The University of Sydney Business School has set up a ‘social innovation hub’ to connect student start-ups with academic and financial support.

The hub’s head James Meade said the aim of the new facility was to “attract “innovators, change makers and visionaries from across the university”.

“Innovation and entrepreneurship requires enthusiasm and we have lots of that, but it also requires targeted support,” Meade said.

“By leveraging informal knowledge networks within the university we can enable successful student innovation outcomes.”

The Sydney Social Innovation Hub will be a “one-stop-shop for innovators”, Meade said.

It will offer them “industry links, access to academics, team work, ongoing education, incubation programs, prototype development, opportunities to road test and start-up development.”

“It will provide a central facility for students of all faculties to co-create and innovate with academics, community and industry,” Meade said.

However, all projects wanting entry into the hub “would need to demonstrate their ‘social benefit’ in order to qualify for support.”

The hub begins life with a flagship program called Hatch at Sydney.

“It will provide early stage cross disciplinary projects with enabling knowledge resources, physical infrastructure and financial support to develop high-impact innovations and create high-growth enterprises,” Meade said.

It will also employ an 'Expert-in-Residence'; the first is former IBM CFO and COO Cameron Barnes.

Barnes believed the hub would “augment traditional institutional learning with hands on support for idea development and innovation”.

“Passionate young innovators and entrepreneurs need more than an education in their chosen field – they need mentoring, guidance and support to materialise new ideas and solutions for a new and rapidly evolving world,” Barnes said.

“In the innovation hub we are seeking to provide that support with access to industry leading expertise and a development environment to fast track development of their innovations.”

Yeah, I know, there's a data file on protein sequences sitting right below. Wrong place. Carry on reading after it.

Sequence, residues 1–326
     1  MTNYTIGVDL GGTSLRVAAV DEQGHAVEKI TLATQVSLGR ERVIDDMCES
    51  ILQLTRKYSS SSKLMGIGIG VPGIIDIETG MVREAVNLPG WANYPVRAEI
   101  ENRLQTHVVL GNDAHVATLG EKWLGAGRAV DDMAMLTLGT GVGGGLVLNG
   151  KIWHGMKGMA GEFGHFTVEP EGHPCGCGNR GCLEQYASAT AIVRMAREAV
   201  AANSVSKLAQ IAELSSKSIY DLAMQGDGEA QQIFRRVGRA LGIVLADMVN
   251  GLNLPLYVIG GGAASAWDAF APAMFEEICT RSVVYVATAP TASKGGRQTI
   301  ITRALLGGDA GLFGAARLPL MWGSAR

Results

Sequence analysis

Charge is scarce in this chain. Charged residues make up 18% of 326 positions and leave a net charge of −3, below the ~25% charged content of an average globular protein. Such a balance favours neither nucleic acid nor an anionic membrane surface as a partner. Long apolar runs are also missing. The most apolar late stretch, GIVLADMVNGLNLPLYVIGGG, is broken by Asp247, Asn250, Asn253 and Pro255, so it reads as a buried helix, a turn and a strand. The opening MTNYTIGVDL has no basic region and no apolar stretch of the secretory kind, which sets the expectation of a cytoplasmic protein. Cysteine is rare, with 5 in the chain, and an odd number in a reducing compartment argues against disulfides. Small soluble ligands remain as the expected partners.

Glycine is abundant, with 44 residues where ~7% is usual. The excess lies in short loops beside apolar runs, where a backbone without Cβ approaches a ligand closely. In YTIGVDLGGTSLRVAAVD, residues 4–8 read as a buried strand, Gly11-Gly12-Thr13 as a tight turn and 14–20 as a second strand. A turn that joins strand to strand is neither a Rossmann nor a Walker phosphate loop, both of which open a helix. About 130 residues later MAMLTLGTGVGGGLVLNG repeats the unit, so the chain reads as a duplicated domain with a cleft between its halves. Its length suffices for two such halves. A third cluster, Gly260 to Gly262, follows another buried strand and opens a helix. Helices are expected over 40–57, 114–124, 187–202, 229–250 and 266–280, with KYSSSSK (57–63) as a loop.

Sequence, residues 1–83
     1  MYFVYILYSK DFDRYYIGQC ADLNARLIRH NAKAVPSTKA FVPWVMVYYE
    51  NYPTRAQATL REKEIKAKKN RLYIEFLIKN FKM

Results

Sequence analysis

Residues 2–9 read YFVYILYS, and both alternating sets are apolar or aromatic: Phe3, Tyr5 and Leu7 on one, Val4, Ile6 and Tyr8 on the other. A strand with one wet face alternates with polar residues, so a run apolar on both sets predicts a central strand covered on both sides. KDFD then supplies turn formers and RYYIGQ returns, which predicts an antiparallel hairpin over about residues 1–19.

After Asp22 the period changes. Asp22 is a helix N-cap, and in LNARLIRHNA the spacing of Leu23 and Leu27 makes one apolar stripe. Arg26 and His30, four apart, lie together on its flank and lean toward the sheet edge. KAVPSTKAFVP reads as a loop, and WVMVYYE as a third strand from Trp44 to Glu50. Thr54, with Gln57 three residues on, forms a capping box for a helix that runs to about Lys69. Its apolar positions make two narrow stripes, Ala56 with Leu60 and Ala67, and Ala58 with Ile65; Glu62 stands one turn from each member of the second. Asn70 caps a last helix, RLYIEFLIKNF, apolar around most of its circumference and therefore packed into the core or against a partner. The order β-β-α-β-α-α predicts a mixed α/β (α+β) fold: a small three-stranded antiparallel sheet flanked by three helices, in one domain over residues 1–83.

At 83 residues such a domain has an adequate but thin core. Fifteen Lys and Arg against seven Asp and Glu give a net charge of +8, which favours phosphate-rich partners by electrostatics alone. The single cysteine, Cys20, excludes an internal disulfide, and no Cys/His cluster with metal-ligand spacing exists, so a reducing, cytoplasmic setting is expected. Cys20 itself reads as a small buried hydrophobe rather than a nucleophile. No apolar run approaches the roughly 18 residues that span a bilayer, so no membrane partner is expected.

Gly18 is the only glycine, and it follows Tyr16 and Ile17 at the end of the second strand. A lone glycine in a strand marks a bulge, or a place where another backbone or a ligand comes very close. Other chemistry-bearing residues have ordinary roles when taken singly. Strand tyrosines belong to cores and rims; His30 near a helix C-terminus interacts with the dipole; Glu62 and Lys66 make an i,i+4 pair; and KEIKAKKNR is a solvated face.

A number of other Australian universities have already set up similar spaces.

UNSW last year opened its Michael Crouch Innovation Centre (MCIC), described as “a creative space where the next generation of innovators can experiment, connect and showcase their ideas to corporate and industry partners.”

The University of Western Australia (UWA) also similarly set up an innovation hub in April last year to “provide students with a space to start-up and grow their own business ventures.”

Macquarie University has a teaching innovation hub (though for internal rather than student ideation), and is also in the process of trying to establish an innovation district in Sydney’s north-west.

QUT urban informatics Professor Marcus Foth last year argued that Australia needed more “skunkworks” spaces to “attract, house, support and unleash innovators, makers, thinkers and doers to stand up.”

“The skunkworks spaces in Australia’s innovation system should avoid entrepreneurial gatekeepers and one-track tech minds, encourage interdisciplinary contributions from outside STEM, and embrace the experimental messiness of the creative imagination that is the backbone of innovation,” he opined.

“These spaces should be free, open and ubiquitous.

“And they should recognise and support other forms of innovation that may not lead to a conventional start-up, such as social innovation, civic innovation, and change for good.”